A woman who quit her job to live in Ikaria, Greece – which boasts one of the longest average lifespans in the world – revealed the ‘biggest change’ she had noticed since her move.
Anna Katsas bid farewell to West Hollywood, California, in 2022, bound for the Greek island, where she has family ties in the form of her 90-year-old grandmother, who was born there.
‘The biggest change I noticed after living in the blue zone Ikaria, by far, is how social, kind and caring the people are,’ Anna began, adding: ‘And I’ll give a few examples of this.’
‘So, let me start by saying Ikaria is a very safe place. And I would often go for walks along in… the village and I’d feel safe enough to say hello to everyone who passed by. And they’d say hello back.
Anna Katsas left West Hollywood, California, for Ikaria, Greece, in 2022
‘The biggest change I noticed after living in the blue zone Ikaria, by far, is how social, kind and caring the people are,’ Anna said
Ikaria is known for being a ‘blue zone’ – a place where the average life expectancy is statistically higher than the rest of the world’s. Pictured is Anna’s grandmother
Anna said that her 90-year-old grandmother (pictured) would have neighbors pop by to ‘check in on her’ multiple times per day – demonstrating the emphasis on community on the island
The world’s longevity meccas: What are ‘blue zones’
‘Blue zones’ are areas of the world with lower rates of chronic disease and generally healthier residents, which coincide with longer life expectancies and a higher number of people living to 100.
There are five ‘blue zones’ spread across the world: Okinawa, Japan; Sardinia, Italy; Nicoya, Costa Rica; Ikaria, Greece; and Loma Linda, California.
Those who live in the blue zone areas were found to share nine specific lifestyle habits: natural movement, or building exercise and activity into everyday life; feeling like they have a purpose; downshifting, or finding ways to decrease stress, such as praying, napping or enjoying happy hour; the 80 percent rule that sees people stop eating when they feel 80 percent hungry to avoid weight gain; eating a plant-based diet; moderate and regular alcohol intake; having a sense of faith; focusing on family and relationships; and having a strong social circle that values healthy living.
‘And more often than not, we’d strike up a conversation. They’d ask, “Who are you?” “How long are you staying?” “You look like your dad!” “Are you from this family?” “We’re cousins!”
‘And, this would just happen. And we’d become friends after that!’
‘One time, I said hello to a woman. And she ended up being my cousin! And she invited me into her house to have coffee and cookies that she had just freshly baked. And they were so good. And we had a deep conversation about life – about how you should follow your dreams and pursue what makes you happy.
‘And, all of this happened because I said “Hello.”‘
As a second ‘example,’ Anna offered up her first-person observations of the community’s consistency in showing up to check in on her grandmother.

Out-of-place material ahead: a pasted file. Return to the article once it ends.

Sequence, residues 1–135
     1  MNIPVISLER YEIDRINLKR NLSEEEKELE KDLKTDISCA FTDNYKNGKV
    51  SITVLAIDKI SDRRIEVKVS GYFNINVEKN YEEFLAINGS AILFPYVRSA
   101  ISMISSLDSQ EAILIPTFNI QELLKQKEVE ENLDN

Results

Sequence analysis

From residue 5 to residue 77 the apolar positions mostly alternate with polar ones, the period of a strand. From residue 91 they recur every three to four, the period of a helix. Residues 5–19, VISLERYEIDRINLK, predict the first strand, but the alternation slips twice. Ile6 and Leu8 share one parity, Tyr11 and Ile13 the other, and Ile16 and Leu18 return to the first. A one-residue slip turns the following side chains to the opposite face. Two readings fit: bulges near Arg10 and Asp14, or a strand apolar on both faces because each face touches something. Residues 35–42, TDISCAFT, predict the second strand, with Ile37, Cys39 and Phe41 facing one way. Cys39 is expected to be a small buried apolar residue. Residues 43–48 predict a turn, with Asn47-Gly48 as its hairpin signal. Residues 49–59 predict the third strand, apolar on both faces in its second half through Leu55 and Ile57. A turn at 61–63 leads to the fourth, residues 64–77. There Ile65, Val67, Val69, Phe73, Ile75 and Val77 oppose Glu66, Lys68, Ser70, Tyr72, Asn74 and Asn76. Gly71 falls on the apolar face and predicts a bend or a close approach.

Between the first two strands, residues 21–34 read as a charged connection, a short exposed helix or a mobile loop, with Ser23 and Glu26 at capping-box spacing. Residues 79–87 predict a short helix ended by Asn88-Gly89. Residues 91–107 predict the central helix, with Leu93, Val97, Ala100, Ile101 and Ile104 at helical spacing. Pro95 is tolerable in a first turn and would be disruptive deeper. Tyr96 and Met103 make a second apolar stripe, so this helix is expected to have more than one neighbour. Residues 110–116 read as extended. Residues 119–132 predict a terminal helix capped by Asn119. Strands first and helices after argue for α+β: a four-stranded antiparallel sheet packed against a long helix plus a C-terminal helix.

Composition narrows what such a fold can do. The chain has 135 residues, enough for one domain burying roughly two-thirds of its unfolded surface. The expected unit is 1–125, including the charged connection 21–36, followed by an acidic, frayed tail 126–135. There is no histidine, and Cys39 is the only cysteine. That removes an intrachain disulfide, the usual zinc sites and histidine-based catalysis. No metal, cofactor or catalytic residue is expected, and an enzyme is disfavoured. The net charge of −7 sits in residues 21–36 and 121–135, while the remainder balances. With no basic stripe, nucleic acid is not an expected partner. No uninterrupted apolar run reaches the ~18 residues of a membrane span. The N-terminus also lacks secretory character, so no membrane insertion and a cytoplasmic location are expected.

‘When I was living with yia yia – my grandmother – in her house, multiple times a day, people would come in to check in on her. Sometimes they’d bring extra harvest from their garden, like vegetables and fruits, and just give it to her,’ Anna explained.
‘Some people would check in for 10 minutes, ’cause they were on their way and they had to be somewhere. And some would stay for hours, because they had known her their whole lives.
‘And this was just a natural occurrence. It was so refreshing to see how much people truly care about other people in Ikaria.’
She adds she believes ‘people are so genuine because of [Ikaria’s] history.’
In another video, Anna elaborated that human civilization on Ikaria dates to the 7th century BC, where inhabitants thrived while cultivating honey, wine and olives.
Anna said that she coincidentally met and befriended one of her cousins just by saying ‘Hello’ to a stranger she passed by on a walk
Ikaria, which is in the Aegean Sea, was first inhabited by people in the 7th century BC
Unfortunately, the agricultural production on the island, along with geographical vulnerability, made it a prime target for pirates.
The residents ultimately decided to ‘stay, destroy their own ports and hide,’ Anna said, adding that they retreated from the coast to the mountains, and ‘essentially disappeared from society for hundreds of years, becoming self-sufficient.’
In a follow-up post, Anna said that, while living out of houses built into boulders on the mountains for camouflage, the people of Ikaria ‘relied on themselves and their neighbors for survival’ – implying that this lifestyle set the cultural foundation for a community built on unwavering mutual support of its members even millennia later.
Elsewhere, Netflix’s Live To 100: Secrets Of The Blue Zones also delved into the reasons behind the longevity of Ikaria’s residents.
‘Here’s a population living about seven years longer than Americans with about half the rate of cardiovascular disease,’ host Dan Buettner narrated.
He noted he found it ‘interesting’ he couldn’t find any cases of dementia among the many residents in their 60s, 70s and all the way up to the 100s.
Besides nutritional benefits from staples including herbal tea, raw honey and wine, among the main ‘secrets’ Dan discovered were an unyielding emphasis on interpersonal and romantic relationships as well as ‘dancing and laughing.’